Tuesday, July 30, 2013

Python remote class for TAHI's v6eval engine.

The TAHI v6eval Perl module for IPv6 compliance testing at one point included a bunch of 'remote' scripts to automate tasks on the target device under test (the NUT, or node under test).

These scripts were always more like examples than set in stone automation and always required adjustment for the target device.   The scripts used a assumed serial port connection via null modem to the target and Perl expect to check for the prompt, issue commands, etc..

At work to automate the compliance testing, I wanted to use the out-of-band management port via ssh to issue commands, and to avoid long waits on reboot with just quick restarts of  services etc, so I made my own remote interface that used this:

It uses some other utils we've coded for keyswapping with the management host,  a ssh remote wrapper, etc, that I won't provide here, but you can see how it works below.

It uses v6eval's own configuration of tn.def and nut.def to provide all the connectivity,
In tn.def:

  • the 'RemoteDevice' option is re-used to provide an ssh ip address. 
  • 'RemoteMethod' is also defined to 'ssh' and although not parsed here could be easily expanded to switch different access methods based on that variable.

In nut.def:

  • the 'User' option is used to provide username for ssh access.
  • the 'Password' option is used to provide the password for ssh access.
Of course 'System' is used by the engine to determine which scripts to execute in /usr/local/v6eval/bin/[system]

All options passed to each of the '.rmt' scripts are available when using the remote class ropt dictionary for easy consumption.

#!/usr/bin/env python
reboots the NUT (via a quick reload)

example invocation from the TAHI v6eval remote suite

./reboot.rmt -u root -p default -d

import remote
import sys
import time

def reboot(argv):
    nut = remote.remote(argv)

    cmd = 'reload'

    rc = nut.runcmd(cmd)
    # maximum time needed for config reload

    if rc != 0:
        print "cmd remote command %s returned %d" % (cmd, rc)
        return nut.exitFail

    return nut.exitPass

if __name__ == '__main__':

# remote.py
# python v6eval remote interface class

import os
import logging
import tcutils.commandutils as cu

from tcutils import logger
from paramikoutils import keyswap

DEBUG = bool(os.environ.get('DEBUG'))
log = logger.stdout_logger('remote',
    level=logging.DEBUG if DEBUG else logging.INFO)

class remote:
    """v6eval remote interface class"""
    def __init__(self, argv):
        """init remote class"""

        # options passed by v6eval
        #my $cmd  = searchPath($rpath, $fname);
        #   $cmd .= " -t $NutDef{System}"       if $NutDef{System};
        #   $cmd .= " -u $NutDef{User}"         if $NutDef{User};
        #   $cmd .= " -p $NutDef{Password}"     if $NutDef{Password};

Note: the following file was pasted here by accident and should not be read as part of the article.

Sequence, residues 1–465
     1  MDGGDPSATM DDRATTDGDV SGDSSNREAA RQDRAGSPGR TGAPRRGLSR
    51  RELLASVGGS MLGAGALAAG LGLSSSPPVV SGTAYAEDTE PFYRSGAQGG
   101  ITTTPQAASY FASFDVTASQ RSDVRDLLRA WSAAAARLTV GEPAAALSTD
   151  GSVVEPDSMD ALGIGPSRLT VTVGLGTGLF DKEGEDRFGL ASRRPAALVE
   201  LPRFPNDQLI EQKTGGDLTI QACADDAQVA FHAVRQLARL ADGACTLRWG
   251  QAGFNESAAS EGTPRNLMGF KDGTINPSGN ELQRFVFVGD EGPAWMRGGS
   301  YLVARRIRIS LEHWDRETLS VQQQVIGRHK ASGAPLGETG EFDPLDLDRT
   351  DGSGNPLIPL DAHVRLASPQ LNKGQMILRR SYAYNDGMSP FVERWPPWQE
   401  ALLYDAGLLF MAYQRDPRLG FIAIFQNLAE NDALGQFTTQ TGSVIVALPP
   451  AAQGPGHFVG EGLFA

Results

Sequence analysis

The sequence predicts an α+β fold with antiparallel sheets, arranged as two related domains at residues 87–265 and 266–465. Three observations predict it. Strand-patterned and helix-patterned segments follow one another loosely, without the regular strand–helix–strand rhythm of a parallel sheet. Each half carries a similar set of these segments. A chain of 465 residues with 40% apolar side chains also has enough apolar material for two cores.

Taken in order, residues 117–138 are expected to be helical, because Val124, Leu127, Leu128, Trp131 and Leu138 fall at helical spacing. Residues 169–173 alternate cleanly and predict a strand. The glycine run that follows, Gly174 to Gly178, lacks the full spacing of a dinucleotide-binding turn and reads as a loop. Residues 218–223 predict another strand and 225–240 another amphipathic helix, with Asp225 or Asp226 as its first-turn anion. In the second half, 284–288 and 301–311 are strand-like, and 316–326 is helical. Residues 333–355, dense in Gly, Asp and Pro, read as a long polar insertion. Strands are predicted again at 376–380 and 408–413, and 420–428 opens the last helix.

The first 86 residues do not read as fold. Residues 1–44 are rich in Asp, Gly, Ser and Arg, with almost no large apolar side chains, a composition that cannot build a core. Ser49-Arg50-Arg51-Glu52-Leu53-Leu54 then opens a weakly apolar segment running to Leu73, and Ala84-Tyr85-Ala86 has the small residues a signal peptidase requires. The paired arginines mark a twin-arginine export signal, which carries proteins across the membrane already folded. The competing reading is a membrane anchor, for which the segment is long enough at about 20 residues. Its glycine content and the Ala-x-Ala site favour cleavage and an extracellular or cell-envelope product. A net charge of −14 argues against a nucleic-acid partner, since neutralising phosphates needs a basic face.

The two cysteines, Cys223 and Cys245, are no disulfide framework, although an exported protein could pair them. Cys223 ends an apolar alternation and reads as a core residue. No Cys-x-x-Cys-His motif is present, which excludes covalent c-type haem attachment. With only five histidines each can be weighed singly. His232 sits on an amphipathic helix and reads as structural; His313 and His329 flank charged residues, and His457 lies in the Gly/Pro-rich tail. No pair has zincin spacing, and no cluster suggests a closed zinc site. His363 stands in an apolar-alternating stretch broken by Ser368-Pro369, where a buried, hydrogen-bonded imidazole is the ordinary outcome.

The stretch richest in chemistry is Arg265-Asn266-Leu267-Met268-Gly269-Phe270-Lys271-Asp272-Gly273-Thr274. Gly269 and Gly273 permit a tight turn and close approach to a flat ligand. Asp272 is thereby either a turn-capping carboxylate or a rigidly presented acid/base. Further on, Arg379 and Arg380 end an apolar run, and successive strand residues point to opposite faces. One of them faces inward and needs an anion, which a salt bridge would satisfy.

#   $cmd .= " -T $TnDef{RemoteCuPath}"  if $TnDef{RemoteCuPath};
        #   $cmd .= " -d $TnDef{RemoteDevice}"  if $TnDef{RemoteDevice};
        #   $cmd .= " -v $TnDef{RemoteDebug}"   if $TnDef{RemoteDebug};
        #   $cmd .= " -i $TnDef{RemoteIntDebug}"    if $TnDef{RemoteIntDebug};
        #   $cmd .= " -o $TnDef{RemoteLog}"     if $TnDef{RemoteLog};
        #   $cmd .= " -s $TnDef{RemoteSpeed}"   if $TnDef{RemoteSpeed};
        #   $cmd .= " -l $TnDef{RemoteLogout}"  if $TnDef{RemoteLogout};
        #   $cmd .= " $RemoteOption $opts @args";

        self.exitPass=0            # PASS
        self.exitIgnore=1          # Ignore (ex. initializeation script)
        self.exitNS=2              # Not yet supported
        self.exitWarn=3            # WARN
        self.exitHostOnly=4        # Host Only
        self.exitRouterOnly=5      # Router Only
        self.exitSpecialOnly=6     # Special Only
        self.exitExceptHost=7      # Except Host
        self.exitExceptRouter=8    # Except Router
        self.exitExceptSpecial=9   # Except Special
        self.exitSkip=10           # Skip
        self.exitTypeMismatch=11   # Type Mismatch
        self.exitFail=32           # FAIL
        self.exitInitFail=33       # Initialization Fail
        self.exitCleanupFail=34    # Cleanup Fail
        #                          # 35 - 63: reserved for future use
        self.exitFatal=64          # FATAL (terminate series of related tests)

        self.lastrc = 0
        self.laststdout = ""
        self.laststderr = ""

        self.ropt = { }
        self.ropt = self.parseargs(argv)

        # root user
        if '-u' in argv:
            self.user = argv[argv.index('-u') + 1]
        # root password
        if '-p' in argv:
            self.passwd = argv[argv.index('-p') + 1]
        # management ip
        if '-d' in argv:
            self.mgmt_ip = argv[argv.index('-d') + 1]

        # save the original options
        self.argv = argv
        keyswap.keyswap(self.mgmt_ip, self.user, self.passwd)

    def parseargs(self, args):
        """find the foo=bar variables"""
        arg_dict = { }
        for arg in args:
                nom, val = arg.split('=')
                arg_dict[nom] = val
            except ValueError:

        return arg_dict

    def runcmd(self, cmd):
        """run the command on the NUT"""
        (self.lastrc, self.laststdout, self.laststderr) = cu.runcmd_ssh(self.mgmt_ip, cmd)
        if self.lastrc > 0: